The games are good ones. The rules may or may not be complicated, but the gameplay is almost always satisfying—even games with simple rules can make for challenging play. I can’t say I have a favorite kind. There have been betting games, map games of exploration and conquest, travel games, trump/card games, and so on. The game collector is a shrewd opponent and wins the most often but not always. One member of the group has strange strategies (or no strategies sometimes, just playing chaotically) and including him makes for most interesting play and outcomes.

I always have a lot of fun on game night. I don’t care if I win or not. I get upset if I think I played poorly, but winning isn’t the goal for me: fun is. The challenge of the game and playing well is it. My friends care more about winning, or at least not coming in last. I get that, but seems to me, that if you have a good time with friends and have fun playing, no matter how well you do, then you’ve won.

reverb10: brisk moments

Okay, I signed up for #reverb10. It’s the now annual event, the continuation of #best09 from last year. A prompt a day, all month long, to contemplate 2010 and reveal 2011. In the way of my world, the evening after I signed up, I discovered a new Twitter book club and I joined in for that, too. So this will be a busy month.

December 3 – Moment. Pick one moment during which you felt most alive this year. Describe it in vivid detail (texture, smells, voices, noises, colors). (Author: Ali Edwards)

This one is hard, very hard. I mean, I can think of one moment vividly but it’s not a nice one. I accidentally poured boiling water on my hand a few months ago. It’s still healing. That definitely stabs my memory, but I’d rather it didn’t. So let’s not go there.

Nice moments are so much better, don’t you think? Some very nice times stand out, but they aren’t vivid memories. I recall them in swirling pastels, not streaks of bright colors.

I was reminded just a few days ago of times I feel invigorated and full of life. Brisk walks. I don’t walk nearly enough these days. I walk to do errands at work daily but most of the time it’s more of a stroll with company. Last Friday I was out on my own and temps were low, so I walked fast. And I noticed how great I felt. I was locked in my own world (that’s how I walk solo), so I can’t tell you the details. But I can recall the moment I noticed. I was walking by a parking garage on a dirty city street, nothing picturesque or quaint, no harmonious sounds, just street traffic in the distance. But the air was very brisk, the world was very crisp, and I felt good.

I used to walk a lot, long ago. I grew up in an area with dense population, no busing where I lived as the schools were not miles away. So I always walked to and from school and my walk was close to a mile for many years, over a mile each way a couple of years. For college, I lived in one of the dorms on the outskirts of a spread out campus and walked a lot each day, miles, back and forth between home and classes a few times a day, mostly long treks, not short bits that add up. But now I live in a town where I’m too far from work and from stores to walk to work and to run errands. I should take up walking as exercise and I have tried from time to time, but it never sticks. For years I walked my sweet kitties, taking my mostly indoor boys out for supervised outings several times a day. That was my walk time, but we mostly meandered around my lot and in the woods behind my house. I truly treasured those times and felt alive then, too, but they were not real exercise. And without my guys, I avoid going out where we used to go. Maybe last week was a reminder to move on and start walking again.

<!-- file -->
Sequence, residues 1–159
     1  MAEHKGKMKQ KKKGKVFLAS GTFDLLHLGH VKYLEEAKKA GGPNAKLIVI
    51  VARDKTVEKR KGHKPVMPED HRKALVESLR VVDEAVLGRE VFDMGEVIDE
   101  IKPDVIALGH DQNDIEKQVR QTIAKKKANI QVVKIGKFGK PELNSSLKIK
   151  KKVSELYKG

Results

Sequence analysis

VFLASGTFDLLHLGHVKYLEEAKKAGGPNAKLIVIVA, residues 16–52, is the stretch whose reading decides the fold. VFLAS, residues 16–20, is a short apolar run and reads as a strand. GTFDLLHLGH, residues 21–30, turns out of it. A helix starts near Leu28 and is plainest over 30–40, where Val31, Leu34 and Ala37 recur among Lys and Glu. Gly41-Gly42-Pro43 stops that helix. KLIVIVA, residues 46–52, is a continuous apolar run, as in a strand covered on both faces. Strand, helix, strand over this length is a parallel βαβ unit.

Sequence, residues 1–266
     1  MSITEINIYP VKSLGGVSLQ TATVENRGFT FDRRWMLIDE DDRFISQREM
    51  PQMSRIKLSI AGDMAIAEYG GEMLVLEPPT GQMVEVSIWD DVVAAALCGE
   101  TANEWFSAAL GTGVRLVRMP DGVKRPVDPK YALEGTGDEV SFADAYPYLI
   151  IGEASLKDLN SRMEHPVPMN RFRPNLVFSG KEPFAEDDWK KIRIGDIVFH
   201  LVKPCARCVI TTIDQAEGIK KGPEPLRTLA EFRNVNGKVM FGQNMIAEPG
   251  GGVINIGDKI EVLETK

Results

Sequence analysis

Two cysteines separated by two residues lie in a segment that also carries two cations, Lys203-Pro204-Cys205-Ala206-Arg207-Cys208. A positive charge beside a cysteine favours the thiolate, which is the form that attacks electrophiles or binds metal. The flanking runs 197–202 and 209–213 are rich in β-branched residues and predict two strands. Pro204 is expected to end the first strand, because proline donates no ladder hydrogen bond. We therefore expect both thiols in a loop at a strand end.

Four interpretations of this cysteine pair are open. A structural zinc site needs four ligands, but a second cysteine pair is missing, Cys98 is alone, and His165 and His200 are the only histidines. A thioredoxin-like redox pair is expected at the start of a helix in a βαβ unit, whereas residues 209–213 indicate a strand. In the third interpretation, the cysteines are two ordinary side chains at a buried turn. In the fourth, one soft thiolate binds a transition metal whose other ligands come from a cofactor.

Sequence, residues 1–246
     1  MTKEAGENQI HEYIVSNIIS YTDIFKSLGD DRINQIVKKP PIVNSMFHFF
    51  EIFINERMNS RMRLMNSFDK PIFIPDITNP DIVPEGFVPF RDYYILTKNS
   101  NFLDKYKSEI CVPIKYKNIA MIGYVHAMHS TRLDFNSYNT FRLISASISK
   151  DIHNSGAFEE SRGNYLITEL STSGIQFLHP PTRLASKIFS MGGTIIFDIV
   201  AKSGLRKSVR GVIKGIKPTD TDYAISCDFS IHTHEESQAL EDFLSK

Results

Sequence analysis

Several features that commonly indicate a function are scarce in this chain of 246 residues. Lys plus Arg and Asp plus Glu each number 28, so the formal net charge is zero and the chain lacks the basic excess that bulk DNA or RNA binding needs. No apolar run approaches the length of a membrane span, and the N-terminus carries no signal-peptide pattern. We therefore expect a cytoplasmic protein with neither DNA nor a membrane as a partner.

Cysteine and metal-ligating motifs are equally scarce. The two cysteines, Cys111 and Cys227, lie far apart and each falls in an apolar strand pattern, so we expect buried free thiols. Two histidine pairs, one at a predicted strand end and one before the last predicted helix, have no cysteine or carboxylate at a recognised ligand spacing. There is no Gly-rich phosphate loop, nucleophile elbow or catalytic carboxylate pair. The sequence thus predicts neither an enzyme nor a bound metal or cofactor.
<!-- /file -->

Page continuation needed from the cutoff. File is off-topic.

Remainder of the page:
reverb10: not-writing

Okay, I signed up for #reverb10. It’s the now annual event, the continuation of #best09 from last year. A prompt a day, all month long, to contemplate 2010 and reveal 2011. In the way of my world, the evening after I signed up, I discovered a new Twitter book club and I joined in for that, too. So this will be a busy month.

December 2: Writing. What do you do each day that doesn’t contribute to your writing and can you eliminate it? (Author: Leo Babauta)

In one sense, most things I do don’t contribute to my writing, not directly, because I’m not a writer. My background, my work, even my passion, isn’t for writing, at least not text (designing and coding software is my vocation, but that’s not what this post is about). Still, here we are, in a blog post, and this blog is, well, writing! So there you are: turns out I’m a writer.

This poor blog is neglected. I always intend to write more often but I never get around to it. There are things I need to do in my day that can’t be eliminated and things I want do in my life that won’t be eliminated. But I’m not so busy that I don’t have time to write a post for months on end. So what’s holding me back?

Well, there’s inspiration, as in the lack thereof. I can’t think of things to write. I know, the answer is just write, about anything or nothing or everything. But most times when I sit down to post, nothing comes to mind, not the nothing you can write about, but the nothing of a void…no words at all. I have to start collecting ideas, writing short posts about little things, finding “assignments” for myself.

Another problem is my sense of my writing. I read other people’s work and truly feel it’s not just better but so much better than mine. I need to stop thinking about that. After all, a little practice might help. And it’s one reason this blog is here.

“My fingers,″ said Elizabeth, “do not move over this instrument in the masterly manner which I see so many women’s do. They have not the same force or rapidity, and do not produce the same expression. But then I have always supposed it to be my own fault—because I would not take the trouble of practising…”

—Jane Austen, Pride and Prejudice